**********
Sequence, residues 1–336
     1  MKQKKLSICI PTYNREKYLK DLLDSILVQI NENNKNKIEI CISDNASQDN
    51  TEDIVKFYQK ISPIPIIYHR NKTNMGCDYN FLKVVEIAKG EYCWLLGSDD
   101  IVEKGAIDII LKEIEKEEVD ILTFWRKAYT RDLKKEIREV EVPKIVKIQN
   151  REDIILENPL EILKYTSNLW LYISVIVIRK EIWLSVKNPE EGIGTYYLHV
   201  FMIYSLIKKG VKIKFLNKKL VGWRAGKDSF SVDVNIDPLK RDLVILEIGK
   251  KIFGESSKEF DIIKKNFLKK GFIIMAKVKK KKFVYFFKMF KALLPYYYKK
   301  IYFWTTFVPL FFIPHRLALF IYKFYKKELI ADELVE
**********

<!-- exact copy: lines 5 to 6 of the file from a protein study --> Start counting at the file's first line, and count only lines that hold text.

   151  REDIILENPL EILKYTSNLW LYISVIVIRK EIWLSVKNPE EGIGTYYLHV
   201  FMIYSLIKKG VKIKFLNKKL VGWRAGKDSF SVDVNIDPLK RDLVILEIGK